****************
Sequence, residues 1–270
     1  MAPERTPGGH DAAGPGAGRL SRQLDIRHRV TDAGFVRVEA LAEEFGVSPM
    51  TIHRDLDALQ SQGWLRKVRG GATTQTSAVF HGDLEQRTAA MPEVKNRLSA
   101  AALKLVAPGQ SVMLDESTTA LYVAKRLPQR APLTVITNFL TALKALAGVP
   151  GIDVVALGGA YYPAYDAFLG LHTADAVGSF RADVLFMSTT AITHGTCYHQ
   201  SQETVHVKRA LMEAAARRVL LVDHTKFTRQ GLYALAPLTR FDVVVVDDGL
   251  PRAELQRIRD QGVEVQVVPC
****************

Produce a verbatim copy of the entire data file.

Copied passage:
Sequence, residues 1–270
     1  MAPERTPGGH DAAGPGAGRL SRQLDIRHRV TDAGFVRVEA LAEEFGVSPM
    51  TIHRDLDALQ SQGWLRKVRG GATTQTSAVF HGDLEQRTAA MPEVKNRLSA
   101  AALKLVAPGQ SVMLDESTTA LYVAKRLPQR APLTVITNFL TALKALAGVP
   151  GIDVVALGGA YYPAYDAFLG LHTADAVGSF RADVLFMSTT AITHGTCYHQ
   201  SQETVHVKRA LMEAAARRVL LVDHTKFTRQ GLYALAPLTR FDVVVVDDGL
   251  PRAELQRIRD QGVEVQVVPC